This is a good depth for growing fast-maturing veg like pak choi and evenly spaced, will give you around 12 plants. You can either treat them as cut-and-come-again leaves or let each plant develop a heart to harvest as mature pak choi.

One thing that puts people off growing pak choi is that it’s a bit of  a pest-magnet. It attracts slugs, flea beetles and pigeons for starters, all wanting some of those succulent leaves.

Pigeons can be deterred by growing them under a net; pigeons and flea beetle will be kept off if you grow under cover. To keep the slugs out, you can use tried and tested methods such as beer traps, night raids, even slug pellets, although there are many good reasons not to use pellets, mainly to do with contamination and the risk of something else, like a bird, or even a cat or dog, eating the pellet by mistake and being harmed by it.

The slug and snail deterrent I use for all my crops which are vulnerable – brassicas, courgette and pumpkin seedlings, sunflowers and globe artichokes – is to grow the seedling inside a copper ring, or collar. Slugs and snails don’t like travelling over copper – it sets off a reaction in their mucus, like giving them a little electric shock.

Now you can buy ready-made rings out of copper, but they are quite expensive. Copper tape isn’t exactly cheap either – 4 metres will typically cost about £7 – but it will stretch a lot further and you can make your own collars using cut-up water bottles.

They are re-usable – I have some home-made collars that are about five years old now and even when the copper dulls to a brown colour it’s still effective. Note though that you aren’t killing the slugs and snails, just keeping them off particular plants.

This may be a good thing, if you don’t like the idea of killing them, or a bad thing, if you want to exercise some population control. If the latter, then my recommendation is to invest in some nematodes come spring.

Pop the collars carefully over the seedlings when they emerge, or when you plant them out. Be careful, especially in the open ground, not to place the ring over a slug or snail that’s already in residence. Then you will trap the slug inside the ring, not outside.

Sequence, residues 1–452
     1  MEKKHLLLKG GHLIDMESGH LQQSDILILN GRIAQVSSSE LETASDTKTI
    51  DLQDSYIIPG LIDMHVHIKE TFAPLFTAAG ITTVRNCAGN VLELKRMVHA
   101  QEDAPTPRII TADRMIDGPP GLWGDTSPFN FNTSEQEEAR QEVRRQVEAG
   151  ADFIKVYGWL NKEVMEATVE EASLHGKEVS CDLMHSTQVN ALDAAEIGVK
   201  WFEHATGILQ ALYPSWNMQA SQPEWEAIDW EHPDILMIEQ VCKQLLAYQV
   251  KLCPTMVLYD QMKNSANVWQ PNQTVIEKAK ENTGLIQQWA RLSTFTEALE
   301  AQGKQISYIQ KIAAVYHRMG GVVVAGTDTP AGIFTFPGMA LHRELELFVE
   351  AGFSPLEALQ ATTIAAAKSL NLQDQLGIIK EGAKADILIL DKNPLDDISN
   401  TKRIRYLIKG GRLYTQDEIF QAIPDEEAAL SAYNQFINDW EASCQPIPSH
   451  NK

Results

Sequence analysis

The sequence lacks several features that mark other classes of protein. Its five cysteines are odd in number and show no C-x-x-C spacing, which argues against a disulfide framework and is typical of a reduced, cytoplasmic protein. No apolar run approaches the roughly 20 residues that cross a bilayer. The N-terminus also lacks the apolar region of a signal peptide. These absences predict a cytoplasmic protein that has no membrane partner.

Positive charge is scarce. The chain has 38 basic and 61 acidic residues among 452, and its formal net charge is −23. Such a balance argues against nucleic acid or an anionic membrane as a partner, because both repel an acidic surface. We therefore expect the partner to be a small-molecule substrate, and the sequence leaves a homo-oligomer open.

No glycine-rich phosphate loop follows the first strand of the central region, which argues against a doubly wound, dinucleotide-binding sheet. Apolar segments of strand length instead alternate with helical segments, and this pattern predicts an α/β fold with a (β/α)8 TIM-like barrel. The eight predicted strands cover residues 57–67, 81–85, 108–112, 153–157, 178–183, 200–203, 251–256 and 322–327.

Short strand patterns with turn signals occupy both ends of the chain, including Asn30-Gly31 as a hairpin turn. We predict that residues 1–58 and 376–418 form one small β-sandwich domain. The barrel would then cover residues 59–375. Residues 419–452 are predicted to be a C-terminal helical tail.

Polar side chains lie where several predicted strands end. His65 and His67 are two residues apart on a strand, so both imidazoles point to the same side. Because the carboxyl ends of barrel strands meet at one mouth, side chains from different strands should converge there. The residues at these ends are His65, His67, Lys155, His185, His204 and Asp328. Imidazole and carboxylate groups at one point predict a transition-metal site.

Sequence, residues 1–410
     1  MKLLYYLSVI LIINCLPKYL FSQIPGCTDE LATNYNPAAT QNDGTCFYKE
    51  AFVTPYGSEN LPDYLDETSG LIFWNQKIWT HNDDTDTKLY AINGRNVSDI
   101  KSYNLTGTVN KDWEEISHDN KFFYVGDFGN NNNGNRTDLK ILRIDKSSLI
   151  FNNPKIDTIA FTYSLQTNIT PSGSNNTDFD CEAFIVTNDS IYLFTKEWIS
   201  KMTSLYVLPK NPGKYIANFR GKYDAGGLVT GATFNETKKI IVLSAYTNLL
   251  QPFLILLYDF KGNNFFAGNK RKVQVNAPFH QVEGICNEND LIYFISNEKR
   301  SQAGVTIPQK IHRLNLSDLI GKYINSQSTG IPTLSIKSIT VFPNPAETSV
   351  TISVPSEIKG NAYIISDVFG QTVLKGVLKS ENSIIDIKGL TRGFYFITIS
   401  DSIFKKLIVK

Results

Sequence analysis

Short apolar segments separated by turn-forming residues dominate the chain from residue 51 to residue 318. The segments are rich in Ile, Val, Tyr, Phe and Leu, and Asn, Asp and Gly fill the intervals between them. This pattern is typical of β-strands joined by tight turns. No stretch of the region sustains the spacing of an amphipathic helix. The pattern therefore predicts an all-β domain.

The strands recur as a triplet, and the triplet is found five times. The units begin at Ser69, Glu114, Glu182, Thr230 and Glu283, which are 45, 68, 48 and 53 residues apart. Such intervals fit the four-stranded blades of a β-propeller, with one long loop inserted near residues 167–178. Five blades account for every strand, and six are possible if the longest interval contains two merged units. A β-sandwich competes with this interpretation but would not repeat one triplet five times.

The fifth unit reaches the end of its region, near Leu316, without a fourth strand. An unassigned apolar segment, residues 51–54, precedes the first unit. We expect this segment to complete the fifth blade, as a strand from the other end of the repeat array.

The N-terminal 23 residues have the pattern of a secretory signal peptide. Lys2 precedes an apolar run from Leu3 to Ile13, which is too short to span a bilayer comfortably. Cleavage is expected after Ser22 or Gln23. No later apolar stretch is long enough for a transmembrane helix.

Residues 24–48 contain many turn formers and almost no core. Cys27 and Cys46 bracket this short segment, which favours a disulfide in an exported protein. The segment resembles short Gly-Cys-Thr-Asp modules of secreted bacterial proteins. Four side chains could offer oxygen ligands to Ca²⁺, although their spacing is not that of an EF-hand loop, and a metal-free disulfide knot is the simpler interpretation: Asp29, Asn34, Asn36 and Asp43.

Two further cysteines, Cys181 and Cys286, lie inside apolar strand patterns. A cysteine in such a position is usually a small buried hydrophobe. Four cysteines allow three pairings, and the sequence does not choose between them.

You can sow peas in autumn in order to get an extra early crop the next spring. The idea here is to sow now, so that you can be picking your first peas of the year next May. Then you start sowing again in March to harvest from June, giving you a constant supply of peas from May through to August.

Your chances will be improved if you use different varieties at different times. Meteor or Kelvedon Wonder are known is known as first early pea which will be the first to mature, so a good choice for autumn sowing.  Id recommend a sugar snap pea for ripening in early summer June and July as they taste so deliciously sweet, especially so when they ripen in sun and warmth.

Peas can be sown directly into the ground, usually in the shape of the five-spot on a dice. However many people find that germination can be poor. Hungry mice usually get the blame for this they like nothing better than nibbling at peas. You should always keep peas for sowing safely away from mice I had a sealed packet of peas last winter which I kept in my storage chest. Retrieved them in the spring to find a neat hole nibbled out of one corner and all the peas gone.

The solution that Ive used successfully for years is to start peas off in half-guttering. Like this:

I sow the peas in a double row, about four inches apart. Keep them nice and warm and moist and away from mice. Up high in a greenhouse or a garage is good, somewhere light and frost-free.

Let the pea seedling grow to about 3-inches high before planting out, so that theyve developed a good root system.